We always look around and say well maybe the wildlife trust will be interested in this or there’s another organisation that can set up a special trust can look after that piece of heritage. But I think when push comes to shove in times of emergency when you really have to act fast that does put tensions on people.
Nicholas: There’s a great deal of writing about effective leadership in the private sector and but little in the tertiary sector. What are the attributes of good leadership in the tertiary sector?
Fiona: Well, passion and vision, I think are absolutely essential. It’s got to be authentic vision as well. You do need to have all kinds of skills really. Goodness, no ones got them all, around management around the ability to run an organisation.
But fundamentally you’ve got to feel it in your heart and be able to communicate not only to your staff but in our case to our volunteers and certainly to our constituencies, out there and what it is we stand for where it is we’re going and why people should support us because we’re so dependant as a third sector on peoples support.
Nicholas: Concerns have been raise about the small number of woman appointed as top management posts. How has your career shaped your views on this?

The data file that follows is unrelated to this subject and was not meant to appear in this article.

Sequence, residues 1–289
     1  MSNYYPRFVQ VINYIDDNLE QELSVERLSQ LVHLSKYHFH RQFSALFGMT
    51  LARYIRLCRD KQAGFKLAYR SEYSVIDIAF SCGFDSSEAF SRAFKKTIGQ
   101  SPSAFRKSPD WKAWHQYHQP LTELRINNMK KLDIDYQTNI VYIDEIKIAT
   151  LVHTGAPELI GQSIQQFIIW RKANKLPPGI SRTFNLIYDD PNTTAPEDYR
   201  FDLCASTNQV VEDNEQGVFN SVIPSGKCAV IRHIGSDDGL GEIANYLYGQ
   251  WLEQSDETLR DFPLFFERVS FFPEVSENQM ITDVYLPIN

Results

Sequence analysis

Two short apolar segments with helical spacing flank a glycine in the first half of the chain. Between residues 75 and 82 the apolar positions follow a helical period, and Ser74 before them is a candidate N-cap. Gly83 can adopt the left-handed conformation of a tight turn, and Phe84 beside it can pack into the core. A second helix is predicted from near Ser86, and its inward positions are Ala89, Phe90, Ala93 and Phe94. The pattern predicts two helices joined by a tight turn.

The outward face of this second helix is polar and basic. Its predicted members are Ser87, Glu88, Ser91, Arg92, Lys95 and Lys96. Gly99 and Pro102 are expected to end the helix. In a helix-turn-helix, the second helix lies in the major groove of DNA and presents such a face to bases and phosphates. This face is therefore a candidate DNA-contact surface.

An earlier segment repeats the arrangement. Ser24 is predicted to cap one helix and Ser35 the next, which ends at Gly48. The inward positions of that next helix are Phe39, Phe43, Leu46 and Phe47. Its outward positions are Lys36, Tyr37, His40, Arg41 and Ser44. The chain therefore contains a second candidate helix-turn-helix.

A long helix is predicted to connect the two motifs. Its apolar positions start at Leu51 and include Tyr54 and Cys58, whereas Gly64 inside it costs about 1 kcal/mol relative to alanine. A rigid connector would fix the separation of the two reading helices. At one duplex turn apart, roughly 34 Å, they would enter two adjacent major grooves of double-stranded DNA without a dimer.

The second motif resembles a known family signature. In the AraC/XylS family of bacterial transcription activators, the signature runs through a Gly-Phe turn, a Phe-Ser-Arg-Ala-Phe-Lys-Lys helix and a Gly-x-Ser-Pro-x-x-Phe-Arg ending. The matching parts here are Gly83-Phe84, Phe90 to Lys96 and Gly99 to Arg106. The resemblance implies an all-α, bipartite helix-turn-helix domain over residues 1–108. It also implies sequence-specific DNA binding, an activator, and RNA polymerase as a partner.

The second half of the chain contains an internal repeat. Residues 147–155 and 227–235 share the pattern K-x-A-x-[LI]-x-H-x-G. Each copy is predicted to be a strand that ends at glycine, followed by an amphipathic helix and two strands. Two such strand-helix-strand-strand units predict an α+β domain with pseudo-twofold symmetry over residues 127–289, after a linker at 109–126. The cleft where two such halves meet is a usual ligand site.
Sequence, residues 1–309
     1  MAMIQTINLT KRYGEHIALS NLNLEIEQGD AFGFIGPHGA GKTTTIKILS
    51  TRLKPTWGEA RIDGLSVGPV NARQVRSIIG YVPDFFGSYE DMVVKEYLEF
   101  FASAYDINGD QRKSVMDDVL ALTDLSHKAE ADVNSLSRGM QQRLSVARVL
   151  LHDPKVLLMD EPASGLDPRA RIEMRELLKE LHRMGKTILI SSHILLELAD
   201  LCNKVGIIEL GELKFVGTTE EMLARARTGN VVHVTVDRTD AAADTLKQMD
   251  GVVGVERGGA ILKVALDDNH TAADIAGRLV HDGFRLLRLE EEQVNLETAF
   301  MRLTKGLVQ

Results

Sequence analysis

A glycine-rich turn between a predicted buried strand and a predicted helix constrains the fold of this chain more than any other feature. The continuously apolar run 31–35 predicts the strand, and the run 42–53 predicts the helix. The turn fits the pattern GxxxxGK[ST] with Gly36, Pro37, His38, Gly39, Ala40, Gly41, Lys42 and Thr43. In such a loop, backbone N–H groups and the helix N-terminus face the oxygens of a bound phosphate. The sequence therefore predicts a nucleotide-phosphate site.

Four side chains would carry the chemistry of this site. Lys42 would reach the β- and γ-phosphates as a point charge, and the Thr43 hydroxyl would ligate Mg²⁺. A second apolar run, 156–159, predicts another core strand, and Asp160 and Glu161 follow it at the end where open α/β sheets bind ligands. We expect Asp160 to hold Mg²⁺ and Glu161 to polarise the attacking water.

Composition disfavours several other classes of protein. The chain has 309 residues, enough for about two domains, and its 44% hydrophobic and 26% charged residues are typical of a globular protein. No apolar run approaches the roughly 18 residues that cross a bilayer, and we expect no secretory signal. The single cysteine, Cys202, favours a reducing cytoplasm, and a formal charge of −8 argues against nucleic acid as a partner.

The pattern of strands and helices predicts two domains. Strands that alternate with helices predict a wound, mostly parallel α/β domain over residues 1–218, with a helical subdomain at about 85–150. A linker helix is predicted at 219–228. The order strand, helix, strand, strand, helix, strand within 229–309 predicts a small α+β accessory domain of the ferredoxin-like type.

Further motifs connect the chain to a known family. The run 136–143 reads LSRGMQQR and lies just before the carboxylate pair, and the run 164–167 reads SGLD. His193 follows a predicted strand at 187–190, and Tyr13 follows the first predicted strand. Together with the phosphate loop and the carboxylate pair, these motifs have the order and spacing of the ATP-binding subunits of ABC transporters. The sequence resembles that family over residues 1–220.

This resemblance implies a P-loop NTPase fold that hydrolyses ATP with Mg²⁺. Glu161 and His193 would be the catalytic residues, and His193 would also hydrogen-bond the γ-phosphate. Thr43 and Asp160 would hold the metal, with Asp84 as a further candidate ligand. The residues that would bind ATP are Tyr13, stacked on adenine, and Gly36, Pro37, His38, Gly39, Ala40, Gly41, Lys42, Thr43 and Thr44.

Fiona: Well, I’ve been very lucky, I’ve been a chief executive since I was 22 but mind you that organisation had one and a half staff in it. So you know, it wasn’t a huge competition. I think the third sector is very good in this respect, there are some fantastic woman Chief Exes of the charity world.
Infact, we all meet for dinner, we get on very well, we talk to each other a lot, because many of us come through similar experiences. So I think the charity sector is good. I do notice that in the private sector particularly woman aren’t as well represented, and I do think that there are real opportunities actually for woman to add something to other fields but personally I’ve been very lucky, I’ve been in the charity sector most of my life and I have been a chief executive three times now.